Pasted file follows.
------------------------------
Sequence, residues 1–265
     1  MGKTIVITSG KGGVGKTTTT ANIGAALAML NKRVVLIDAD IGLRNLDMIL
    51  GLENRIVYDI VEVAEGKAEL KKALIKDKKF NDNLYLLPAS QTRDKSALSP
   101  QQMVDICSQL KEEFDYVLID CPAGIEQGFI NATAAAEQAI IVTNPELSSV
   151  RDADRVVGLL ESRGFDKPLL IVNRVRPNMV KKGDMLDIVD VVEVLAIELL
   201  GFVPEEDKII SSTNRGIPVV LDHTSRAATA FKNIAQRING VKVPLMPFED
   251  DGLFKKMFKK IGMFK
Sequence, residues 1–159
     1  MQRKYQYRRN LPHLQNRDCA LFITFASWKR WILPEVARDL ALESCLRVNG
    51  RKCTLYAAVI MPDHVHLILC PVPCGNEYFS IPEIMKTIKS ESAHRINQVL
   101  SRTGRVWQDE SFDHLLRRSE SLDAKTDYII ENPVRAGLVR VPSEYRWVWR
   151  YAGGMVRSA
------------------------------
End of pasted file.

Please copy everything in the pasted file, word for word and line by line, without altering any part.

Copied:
Sequence, residues 1–265
     1  MGKTIVITSG KGGVGKTTTT ANIGAALAML NKRVVLIDAD IGLRNLDMIL
    51  GLENRIVYDI VEVAEGKAEL KKALIKDKKF NDNLYLLPAS QTRDKSALSP
   101  QQMVDICSQL KEEFDYVLID CPAGIEQGFI NATAAAEQAI IVTNPELSSV
   151  RDADRVVGLL ESRGFDKPLL IVNRVRPNMV KKGDMLDIVD VVEVLAIELL
   201  GFVPEEDKII SSTNRGIPVV LDHTSRAATA FKNIAQRING VKVPLMPFED
   251  DGLFKKMFKK IGMFK
Sequence, residues 1–159
     1  MQRKYQYRRN LPHLQNRDCA LFITFASWKR WILPEVARDL ALESCLRVNG
    51  RKCTLYAAVI MPDHVHLILC PVPCGNEYFS IPEIMKTIKS ESAHRINQVL
   101  SRTGRVWQDE SFDHLLRRSE SLDAKTDYII ENPVRAGLVR VPSEYRWVWR
   151  YAGGMVRSA